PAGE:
Luke 18:9-14 Jesus told this parable to some who trusted in themselves that they were righteous and regarded others with contempt: "Two men went up to the temple to pray, one a Pharisee and the other a tax collector. The Pharisee, standing by himself, was praying thus, `God, I thank you that I am not like other people: thieves, rogues, adulterers, or even like this tax collector. I fast twice a week; I give a tenth of all my income.' But the tax collector, standing far off, would not even look up to heaven, but was beating his breast and saying, `God, be merciful to me, a sinner!' I tell you, this man went down to his home justified rather than the other; for all who exalt themselves will be humbled, but all who humble themselves will be exalted.”
Reflection Don’t we all try to be like the Pharisee… law abiding, spiritual people, who give at least our 10% tithe to God’s church, pay our share of taxes and do acts of charity? Aren’t we all a bit grateful that we are not like “those people” who do awful things we hear about in the news? How could it be that Jesus defends the tax-collector, absolving him for his sin without demanding some form of payment? How could Jesus contradict the generous, religious, law-abiding Pharisee, refusing to condone his behavior? When we do wrong, don’t we have to pay? And when we do good, aren’t we being righteous?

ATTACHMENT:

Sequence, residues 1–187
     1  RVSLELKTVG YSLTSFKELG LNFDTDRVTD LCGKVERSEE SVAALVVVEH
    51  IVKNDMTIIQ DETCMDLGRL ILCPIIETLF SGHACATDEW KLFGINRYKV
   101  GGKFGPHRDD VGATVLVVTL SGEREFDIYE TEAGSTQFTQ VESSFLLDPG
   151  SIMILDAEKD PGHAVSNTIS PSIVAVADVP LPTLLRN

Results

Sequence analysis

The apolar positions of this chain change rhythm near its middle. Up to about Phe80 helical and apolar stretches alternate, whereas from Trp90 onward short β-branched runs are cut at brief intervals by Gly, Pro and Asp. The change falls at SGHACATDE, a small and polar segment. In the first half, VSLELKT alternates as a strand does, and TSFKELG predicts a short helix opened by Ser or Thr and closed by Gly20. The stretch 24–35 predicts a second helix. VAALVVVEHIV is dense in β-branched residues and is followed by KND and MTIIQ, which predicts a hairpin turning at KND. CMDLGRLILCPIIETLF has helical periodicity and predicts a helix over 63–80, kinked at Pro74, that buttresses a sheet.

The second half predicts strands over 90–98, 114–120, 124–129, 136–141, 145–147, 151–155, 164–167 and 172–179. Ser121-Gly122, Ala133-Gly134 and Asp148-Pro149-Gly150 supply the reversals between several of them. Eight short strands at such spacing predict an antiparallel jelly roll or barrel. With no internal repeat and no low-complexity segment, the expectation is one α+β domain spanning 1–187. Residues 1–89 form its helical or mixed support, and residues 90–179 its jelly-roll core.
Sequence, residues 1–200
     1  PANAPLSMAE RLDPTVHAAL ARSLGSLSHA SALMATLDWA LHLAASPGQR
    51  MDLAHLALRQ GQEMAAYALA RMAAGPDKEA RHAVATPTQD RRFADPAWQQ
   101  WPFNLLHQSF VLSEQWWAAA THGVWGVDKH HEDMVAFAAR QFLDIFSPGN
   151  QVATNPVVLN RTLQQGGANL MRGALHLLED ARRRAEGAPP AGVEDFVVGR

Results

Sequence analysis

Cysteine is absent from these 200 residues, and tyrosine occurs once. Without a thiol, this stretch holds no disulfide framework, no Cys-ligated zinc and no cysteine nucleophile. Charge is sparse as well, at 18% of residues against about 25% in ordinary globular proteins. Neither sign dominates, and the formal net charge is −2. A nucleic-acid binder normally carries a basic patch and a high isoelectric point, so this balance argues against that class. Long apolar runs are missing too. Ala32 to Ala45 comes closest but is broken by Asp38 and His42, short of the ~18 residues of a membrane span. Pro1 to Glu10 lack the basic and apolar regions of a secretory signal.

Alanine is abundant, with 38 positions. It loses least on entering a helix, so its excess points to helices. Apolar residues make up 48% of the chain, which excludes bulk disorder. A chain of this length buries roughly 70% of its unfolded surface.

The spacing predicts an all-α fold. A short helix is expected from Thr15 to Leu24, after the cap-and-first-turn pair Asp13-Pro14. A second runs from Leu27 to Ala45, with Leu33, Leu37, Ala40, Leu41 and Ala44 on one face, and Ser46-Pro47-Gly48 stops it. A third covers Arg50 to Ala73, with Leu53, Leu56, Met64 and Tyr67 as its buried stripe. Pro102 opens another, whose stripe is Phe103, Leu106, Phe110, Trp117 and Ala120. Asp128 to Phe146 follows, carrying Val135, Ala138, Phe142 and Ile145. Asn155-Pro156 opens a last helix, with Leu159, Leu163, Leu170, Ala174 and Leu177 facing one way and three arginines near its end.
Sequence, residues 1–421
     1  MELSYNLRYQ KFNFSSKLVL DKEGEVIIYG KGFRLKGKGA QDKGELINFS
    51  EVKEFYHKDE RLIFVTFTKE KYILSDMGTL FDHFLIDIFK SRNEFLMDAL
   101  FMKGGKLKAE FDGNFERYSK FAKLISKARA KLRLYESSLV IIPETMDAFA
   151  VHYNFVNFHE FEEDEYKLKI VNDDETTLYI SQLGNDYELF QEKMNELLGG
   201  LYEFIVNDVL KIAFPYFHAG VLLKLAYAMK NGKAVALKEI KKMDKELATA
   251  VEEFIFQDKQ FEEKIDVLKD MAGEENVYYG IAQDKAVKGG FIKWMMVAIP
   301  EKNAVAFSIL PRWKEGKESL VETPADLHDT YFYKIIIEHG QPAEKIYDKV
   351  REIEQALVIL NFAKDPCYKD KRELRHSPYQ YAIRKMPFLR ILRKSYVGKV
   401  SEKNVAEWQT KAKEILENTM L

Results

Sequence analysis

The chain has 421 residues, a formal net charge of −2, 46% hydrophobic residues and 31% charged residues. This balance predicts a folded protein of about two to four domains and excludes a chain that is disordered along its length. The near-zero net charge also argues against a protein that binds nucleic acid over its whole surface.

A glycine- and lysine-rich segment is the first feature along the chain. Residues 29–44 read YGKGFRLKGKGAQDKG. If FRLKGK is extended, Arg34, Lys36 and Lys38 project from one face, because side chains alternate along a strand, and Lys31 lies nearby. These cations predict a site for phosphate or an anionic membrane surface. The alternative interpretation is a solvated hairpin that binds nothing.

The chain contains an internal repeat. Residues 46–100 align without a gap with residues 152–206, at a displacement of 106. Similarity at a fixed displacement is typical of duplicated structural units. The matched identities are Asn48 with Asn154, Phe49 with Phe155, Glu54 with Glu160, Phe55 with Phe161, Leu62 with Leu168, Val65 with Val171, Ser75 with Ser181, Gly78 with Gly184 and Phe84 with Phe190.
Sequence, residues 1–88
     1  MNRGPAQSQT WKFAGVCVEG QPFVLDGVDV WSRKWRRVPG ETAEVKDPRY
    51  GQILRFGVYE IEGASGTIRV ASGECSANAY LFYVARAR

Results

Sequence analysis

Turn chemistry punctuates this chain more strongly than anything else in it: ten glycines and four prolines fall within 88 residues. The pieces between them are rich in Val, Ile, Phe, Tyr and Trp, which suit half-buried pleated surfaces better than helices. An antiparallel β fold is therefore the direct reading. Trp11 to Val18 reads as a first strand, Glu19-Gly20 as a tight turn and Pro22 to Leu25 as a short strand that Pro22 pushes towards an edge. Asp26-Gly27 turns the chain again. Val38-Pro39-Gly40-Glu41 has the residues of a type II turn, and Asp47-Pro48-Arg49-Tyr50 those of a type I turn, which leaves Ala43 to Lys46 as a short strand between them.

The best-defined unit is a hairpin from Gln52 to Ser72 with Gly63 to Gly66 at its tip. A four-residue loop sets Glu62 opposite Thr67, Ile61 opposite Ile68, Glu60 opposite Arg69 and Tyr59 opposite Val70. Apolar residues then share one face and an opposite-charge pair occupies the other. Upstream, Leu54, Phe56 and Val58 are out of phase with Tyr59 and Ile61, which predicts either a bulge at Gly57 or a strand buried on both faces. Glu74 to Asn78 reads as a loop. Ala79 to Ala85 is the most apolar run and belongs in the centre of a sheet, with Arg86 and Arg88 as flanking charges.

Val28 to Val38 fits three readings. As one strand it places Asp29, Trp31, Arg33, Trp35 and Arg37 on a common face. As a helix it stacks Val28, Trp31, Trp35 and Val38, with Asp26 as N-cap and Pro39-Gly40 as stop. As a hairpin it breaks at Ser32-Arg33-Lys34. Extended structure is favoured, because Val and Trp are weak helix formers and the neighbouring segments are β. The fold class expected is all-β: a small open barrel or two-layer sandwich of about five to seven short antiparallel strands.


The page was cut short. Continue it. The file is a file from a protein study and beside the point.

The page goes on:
This Friday and Saturday was our annual Diocesan Convention The Very Rev. Jeffrey Johns, a Church of England priest, and dean of St. Alban’s Cathedral in England delivered the keynote address titled, “The Spirituality of Leadership.” Rev. Johns did not mince words. If we want to lead God’s people and bring about the Kingdom of God on earth, we must first pause and examine our own lives and hearts.
When we are honest with ourselves, we are all sinners. Day after day, week after week, we fail to give our first and our best to God. We check off the boxes of all the good things we do and fall to the same obsessions, compulsions, perfections, temptations, and addictions that we did yesterday. We try to be good Pharisees, but at the end of the day when we examine our hearts and our lives we see, just like the tax collector in Jesus’ story we cannot make it right.
Then Rev. Johns shared a poignant insight about the value of examining our lives gleaned from the fourteenth century English mystic Julian of Norwich. We examine our hearts and lives in order to “turn our wounds into worship.”
When we allow ourselves to admit and feel the depths of our violations, shortcomings and shame we are broken open to bow before God and humbly ask for mercy. And because our God is a merciful God our wounds turn into worship. In the words of our tax collector, `God, be merciful to me, a sinner!'
The question is not, am I righteous? Are you righteous? We are not. Our attempts at self improvement and getting it right fall short. But God is righteous, which is how we dare have the courage to admit our errors, shortcomings and violations and experience the attendant grief, shame and remorse Then, putting our faith in God’s righteousness rather than our own, our wounds turn into worship and, in Jesus’ words, we ‘will be exalted.”
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